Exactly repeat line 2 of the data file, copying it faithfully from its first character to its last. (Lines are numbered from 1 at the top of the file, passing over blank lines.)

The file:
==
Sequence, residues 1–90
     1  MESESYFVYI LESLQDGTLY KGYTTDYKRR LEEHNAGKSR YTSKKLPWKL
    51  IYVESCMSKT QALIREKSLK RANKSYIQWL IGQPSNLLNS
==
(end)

     1  MESESYFVYI LESLQDGTLY KGYTTDYKRR LEEHNAGKSR YTSKKLPWKL